Risk-Neutral Probabilities Lecture

Risk-Neutral Probabilities Lecture - Debt Instruments and...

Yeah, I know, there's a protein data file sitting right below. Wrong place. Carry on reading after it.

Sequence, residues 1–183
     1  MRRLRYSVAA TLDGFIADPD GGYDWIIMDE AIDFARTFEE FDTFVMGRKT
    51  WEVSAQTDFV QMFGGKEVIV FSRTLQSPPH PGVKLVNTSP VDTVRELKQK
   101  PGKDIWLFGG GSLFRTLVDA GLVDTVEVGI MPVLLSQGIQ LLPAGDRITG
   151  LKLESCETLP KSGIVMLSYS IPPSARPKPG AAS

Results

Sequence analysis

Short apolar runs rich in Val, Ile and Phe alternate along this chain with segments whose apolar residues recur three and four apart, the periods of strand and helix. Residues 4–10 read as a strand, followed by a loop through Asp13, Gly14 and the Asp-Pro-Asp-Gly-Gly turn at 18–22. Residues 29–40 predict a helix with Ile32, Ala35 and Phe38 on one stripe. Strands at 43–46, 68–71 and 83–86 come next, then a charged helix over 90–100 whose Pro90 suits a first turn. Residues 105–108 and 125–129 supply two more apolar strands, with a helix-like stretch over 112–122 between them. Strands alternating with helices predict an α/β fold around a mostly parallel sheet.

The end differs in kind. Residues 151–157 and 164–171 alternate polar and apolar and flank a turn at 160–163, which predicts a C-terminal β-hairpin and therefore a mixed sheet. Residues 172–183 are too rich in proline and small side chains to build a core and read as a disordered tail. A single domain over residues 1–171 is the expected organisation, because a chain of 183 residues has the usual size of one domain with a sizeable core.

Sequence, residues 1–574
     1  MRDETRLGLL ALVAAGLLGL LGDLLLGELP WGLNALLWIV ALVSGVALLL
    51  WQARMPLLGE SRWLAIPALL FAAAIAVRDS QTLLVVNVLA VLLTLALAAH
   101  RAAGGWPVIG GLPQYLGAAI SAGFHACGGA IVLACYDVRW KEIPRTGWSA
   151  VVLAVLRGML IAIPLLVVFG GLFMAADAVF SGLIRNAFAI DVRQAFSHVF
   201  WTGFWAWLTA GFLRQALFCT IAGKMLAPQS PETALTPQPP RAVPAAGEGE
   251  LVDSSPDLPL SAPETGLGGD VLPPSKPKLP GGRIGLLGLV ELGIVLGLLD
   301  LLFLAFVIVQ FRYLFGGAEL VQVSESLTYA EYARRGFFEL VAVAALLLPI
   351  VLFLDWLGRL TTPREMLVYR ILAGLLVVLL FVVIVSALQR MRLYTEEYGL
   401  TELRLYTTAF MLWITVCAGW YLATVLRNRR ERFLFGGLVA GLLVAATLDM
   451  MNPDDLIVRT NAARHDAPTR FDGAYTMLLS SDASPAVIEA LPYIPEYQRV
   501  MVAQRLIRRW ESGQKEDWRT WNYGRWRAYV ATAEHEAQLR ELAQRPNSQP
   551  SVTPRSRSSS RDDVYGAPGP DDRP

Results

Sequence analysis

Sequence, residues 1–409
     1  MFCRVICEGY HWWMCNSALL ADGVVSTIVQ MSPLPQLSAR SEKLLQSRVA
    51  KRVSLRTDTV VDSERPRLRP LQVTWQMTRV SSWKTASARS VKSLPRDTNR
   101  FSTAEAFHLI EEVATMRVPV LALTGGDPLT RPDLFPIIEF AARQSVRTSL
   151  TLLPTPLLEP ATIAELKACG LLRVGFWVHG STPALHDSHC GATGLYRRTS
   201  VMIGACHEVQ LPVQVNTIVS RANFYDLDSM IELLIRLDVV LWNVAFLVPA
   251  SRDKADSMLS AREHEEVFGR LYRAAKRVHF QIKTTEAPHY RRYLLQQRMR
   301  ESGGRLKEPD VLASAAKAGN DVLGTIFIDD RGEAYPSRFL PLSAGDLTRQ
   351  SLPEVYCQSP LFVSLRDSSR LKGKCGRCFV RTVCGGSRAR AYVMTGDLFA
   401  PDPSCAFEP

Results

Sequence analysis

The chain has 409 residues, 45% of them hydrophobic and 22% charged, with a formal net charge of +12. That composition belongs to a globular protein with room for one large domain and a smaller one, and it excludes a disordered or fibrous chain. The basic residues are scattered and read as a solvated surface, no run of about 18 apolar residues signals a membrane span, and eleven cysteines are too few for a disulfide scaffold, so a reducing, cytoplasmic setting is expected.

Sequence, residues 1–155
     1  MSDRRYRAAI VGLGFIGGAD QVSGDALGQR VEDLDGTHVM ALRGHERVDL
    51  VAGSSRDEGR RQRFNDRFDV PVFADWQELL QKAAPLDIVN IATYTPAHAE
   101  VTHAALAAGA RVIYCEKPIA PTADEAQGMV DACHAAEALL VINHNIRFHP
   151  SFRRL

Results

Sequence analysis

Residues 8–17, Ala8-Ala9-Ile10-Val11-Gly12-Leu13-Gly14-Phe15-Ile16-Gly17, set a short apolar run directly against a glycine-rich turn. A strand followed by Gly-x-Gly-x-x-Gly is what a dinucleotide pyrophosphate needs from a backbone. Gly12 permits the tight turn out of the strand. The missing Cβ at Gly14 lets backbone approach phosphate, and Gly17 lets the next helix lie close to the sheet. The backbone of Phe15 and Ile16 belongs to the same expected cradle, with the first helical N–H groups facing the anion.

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Unformatted text preview: Debt Instruments and Markets Professor Carpenter Risk-Neutral Probabilities Concepts  Risk-neutral probabilities  Risk-neutral pricing  Expected returns  True probabilities Reading  Veronesi, Chapter 9  Tuckman, Chapter 9 Risk-Neutral Probabilities 1 Debt Instruments and Markets Professor Carpenter No Arbitrage Derivative Pricing  Last lecture, we priced a derivative by constructing a replicating portfolio from the underlying zeroes: – We started with a derivative with a payoff at time 0.5. The payoff depended on the time 0.5 price of the zero maturing at time 1. – We modeled the random future price of the zero and the future payoff of the derivative. – We constructed a portfolio of 0.5-year and 1year zeroes with the same payoff of the derivative by solving simultaneous equations. – We then set the price of the derivative equal to the value of the replicating portfolio. General Bond Derivative • Any security whose time 0.5 payoff is a function of the time 0.5 price of the zero maturing at time 1 can be priced by no arbitrage. • Suppose its payoff is Ku in the up state, and Kd in the down state: Time 0 0.5-year zero 0.973047 1-year zero 0.947649 General portfolio 0.973047 N0.5 + 0.947649 N1 General derivative ? Time 0.5 1 0.972290 1N0.5 + 0.97229N1 Ku 1 0.976086 1N0.5 + 0.976086N1 Kd Risk-Neutral Probabilities 2 Debt Instruments and Markets Professor Carpenter Replicating and Pricing the General Derivative 1) Determine the replicating portfolio by solving the equations 1N0.5 + 0.97229N1 = Ku 1N0.5 + 0.96086N1 = Kd for the unknown N's. (The two possible K's are known.) 2) Price the replicating portfolio as 0.973047N0.5 + 0.947649N1 This is the no arbitrage price of the derivative. Risk-Neutral Probabilities • Finance: The no arbitrage price of the derivative is its replication cost. • We know that’s some function of the prices and payoffs of the basic underlying assets. • Math: We can use a mathematical device, risk-neutral probabilities, to compute that replication cost more directly. • That’s useful when we only need to know the price of the replicating portfolio, but not the holdings. Risk-Neutral Probabilities 3 Debt Instruments and Markets Professor Carpenter Start with the Prices and Payoffs of the Underlying Assets • In our example, the derivative payoffs were functions of the time 0.5 price the zero maturing at time 1. • So the underlying asset is the zero maturing at time 1 and the riskless asset is the zero maturing at time 0.5. • The prices and payoffs are, in general terms: Time 0 Time 0.5 1 u 0.5 1 d0.5 d d1 1 d 0.5 1 d € € Find the “Probabilities” that “Risk-Neutrally” Price the Underlying Risky Asset • Find the “probabilities” of the up and down states, p and 1-p, that make the price of the underlying asset equal to its “expected” future payoff, discounted back at the riskless rate. • I.e., find the p that solves “Risk-Neutral Pricing Equation” (RNPE) Price = discounted “expected” future payoff for the underlying risky asset. • In our example, this is the zero maturing at time 1, so d1 = d0.5 [ p × 0.5 d1u + (1− p) × 0.5 d1d ] d1 − 0.5 d1d d0.5 ⇒ p= u d 0.5 d1 − 0.5 d1 € Risk-Neutral Probabilities 4 Debt Instruments and Markets Professor Carpenter Example of p In our example, 0.947649 − 0.976086 0.973047 p= = 0.576 0.972290 − 0.976086 1− p = 0.424 € Result • The same p prices all the derivatives of the underlying risk-neutrally. • I.e., if a derivative has payoffs Ku in the up state and Kd in the down state, its replication cost turns out to be equal to Derivative price = d0.5 [ p × K u + (1− p) × K d ] € using the same p that made this risk-neutral pricing equation (RNPE) hold for the underlying asset. • That is, a single p makes the RNPE price = discounted “expected” future payoff hold for the underlying and all its derivatives. Risk-Neutral Probabilities 5 Debt Instruments and Markets Professor Carpenter Examples of Risk-Neutral Pricing With the risk-neutral probabilities, the price of an asset is its expected payoff multiplied by the riskless zero price, i.e., discounted at the riskless rate: call option: (0.576 × 0 + 0.424 ×1.086) × 0.9730 = 0.448 or, 0.576 × 0 + 0.424 ×1.086 = 0.448 1.0277 Class Problem: Price the put option with payoffs Ku=2.71 and Kd=0 € using the risk-neutral probabilities. Examples of Risk-Neutral Pricing... 1-year zero: (0.576 × 0.9723 + 0.424 × 0.9761) × 0.9730 = 0.9476 or, € 0.576 × 0.9723 + 0.424 × 0.9761 = 0.9476 1.0277 0.5-year zero (riskless asset): (0.576 ×1+ 0.424 ×1) × 0.9730 = 0.9730 or, 0.576 ×1+ 0.424 ×1 = 0.9730 1.0277 € Risk-Neutral Probabilities 6 Debt Instruments and Markets Professor Carpenter Why does the p that makes the RNP Equation hold for the underlying also make the RNPE work for all its derivatives? 1) By construction, p makes price of underlying risky asset = discount factor x [p x underlying’s up payoff + (1-p) x underlying’s down payoff]. 2) It’s also always true for any p that price of riskless asset = discount factor = discount factor x [p x 1 + (1-p) x 1] so the p that works for the underlying also works for the riskless asset, because any p does. 3) Therefore, this p also works for any portfolio of these two assets. I.e., for any portfolio with holdings N0.5 and N1: N0.5 x price of riskless asset + N1 x price of underlying = disc.factor x [p x (N0.5 x 1 + N1 x underlying’s up payoff ) + (1-p) x (N0.5 x 1 + N1 x underlying’s down payoff ) ] i.e., portfolio price = disc.factor x [p x portfolio’s up payoff + (1-p) x portfolio’s down payoff] Since every derivative of the underlying is one of these portfolios, the RNPE, using the same p, holds for all of them too. Class Problem • Suppose the time 0 price of the zero maturing at time 1 is slightly lower: Time 0 0.973047 0.947007 Time 0.5 1 0.972290 1 0.976086 • What would be the risk-neutral probabilities p and 1-p of the up and down states? Risk-Neutral Probabilities 7 Debt Instruments and Markets Professor Carpenter Class Problem 1) Price the call using these new RN probs: Time 0 Time 0.5 1 0.972290 0.973047 0 0.947007 Call? 1 0.976086 1.086 2) Calculate the replication cost of the call the old way and verify that it matches the price above. Hint: the payoffs are unchanged so the replicating portfolio is still N0.5 = -278.163 and N1 = 286.091. Expected Returns with RN Probs • Note that we can rearrange the risk-neutral pricing equation, price = discounted “expected” payoff, as V = d0.5 [ p × K u + (1− p) × K d ], or p × K u + (1− p) × K d V= 1+ r0.5 /2 p × K u + (1− p) × K d ⇔ = 1+ r0.5 /2 V • I.e., “expected” return = the riskless rate. € (Here return is un-annualized. ) • Thus, with the risk-neutral probabilities, all assets have the same expected return--equal to the riskless rate. • This is why we call them "risk-neutral" probabilities. Risk-Neutral Probabilities 8 Debt Instruments and Markets Professor Carpenter True Probabilities  The risk-neutral probabilities are not the same as the true probabilities of the future states.  Notice that pricing contingent claims did not involve the true probabilities of the up or down state actually occurring.  Let's suppose that the true probabilities are 0.5 chance the up state occurs and 0.5 chance the down state occurs.  What could we do with this information?  For one, we could compute the true expected returns of the different securities over the next 6 months. True Expected Returns Recall that the unannualized return on an asset over a given horizon is future value −1 initial value For the 6-month zero the unannualized return over the next 6 months is € 1 −1 = 2.77% 0.973047 with certainty. This will be the return regardless of which state occurs. That's why € this asset is riskless for this horizon. Of course, the annualized semi-annually compounded ROR is 5.54%, the quoted zero rate. Risk-Neutral Probabilities 9 Debt Instruments and Markets Professor Carpenter True Expected Returns... The return on the 1-year zero over the next 6 months will be either 0.972290 −1 = 2.60% with probability 0.5, or 0.947649 0.976086 −1 = 3.00% with probability 0.5. 0.947649 € The expected return on the 1-year zero over the next 6 months is 2.80%. Notice that it is higher than the return of 2.77% on the riskless asset. True Expected Returns...  Why might the longer zero have a higher expected return? – Investors have short-term horizons, and dislike the price risk of the longer zero. – Investors require a premium to hold securities that covary positively with long bonds (bullish securities) because government bonds are in positive net supply.  Sometimes the reverse could be true.  In general, assets with different risk characteristics have different expected returns. Their expected returns also depend on how their payoffs covary with other assets. Risk-Neutral Probabilities 10 Debt Instruments and Markets Professor Carpenter True Expected Returns... What is the expected rate of return on the call over the next 6 months? The possible returns are: 0 −1 = −100% with probability 0.5, or 0.448 1.086 −1 = 142% with probability 0.5. 0.448 € The expected return on the call is 21%. True Expected Returns... What is the expected rate of return on the put over the next 6 months? The possible returns are: 2.71 −1 = 78% with probability 0.5, or 1.52 0 −1 = −100% with probability 0.5. 1.52 € Risk-Neutral Probabilities The expected return on the put is -11%. The put is bearish--it insures (hedges) the risk of bullish positions. By no arbitrage, if bullish assets have positive risk premia, bearish assets must have negative risk premia. Intuitively, investors must pay up for this insurance. 11 Debt Instruments and Markets Professor Carpenter Risk-Neutral Expected Returns Using the risk-neutral probabilities to compute expected (unannualized) returns sets all expected returns equal to the riskless rate. Asset 0.5-Year Zero 1-Year Zero Call Put Unannualized Up Return ("prob"=0.576) Unannualized Down Payoff ("prob"=0.424) 1/0.9730 - 1 1/0.9730 - 1 = 2.77% = 2.77% 0.97229/0.947649 - 1 0.976086/0.947649 - 1 = 2.60% = 3.00% 0/0.448 - 1 = -100% 2.7103/1.519 - 1 = 78.42% 1.0859/0.448 - 1 = 142.39% 0/1.519 - 1 = -100% "Expected" Unannualized Return 2.77% 2.77% 2.77% 2.77% Why Does the p that Works for the Underlying Asset Also Work for All Its Derivatives? Reprise: 1)  The expected return on a portfolio is the average of the expected returns of the individual assets. 2)  The risk-neutral probabilities are constructed to make the expected return on the underlying risky asset equal to the riskless asset return. 3)  So under the risk-neutral probabilities, the expected return on every portfolio of the underlying and riskless assets is also that same riskless return. 4)  Every derivative of the underlying can be viewed as a portfolio of the underlying asset and the riskless asset. 5)  So the derivative’s expected return must also equal the riskless return under the risk-neutral probabilities. 6)  So the derivative’s price must equal its expected payoff, using the risk-neutral probabilities, discounted back at the riskless rate. Risk-Neutral Probabilities 12 ...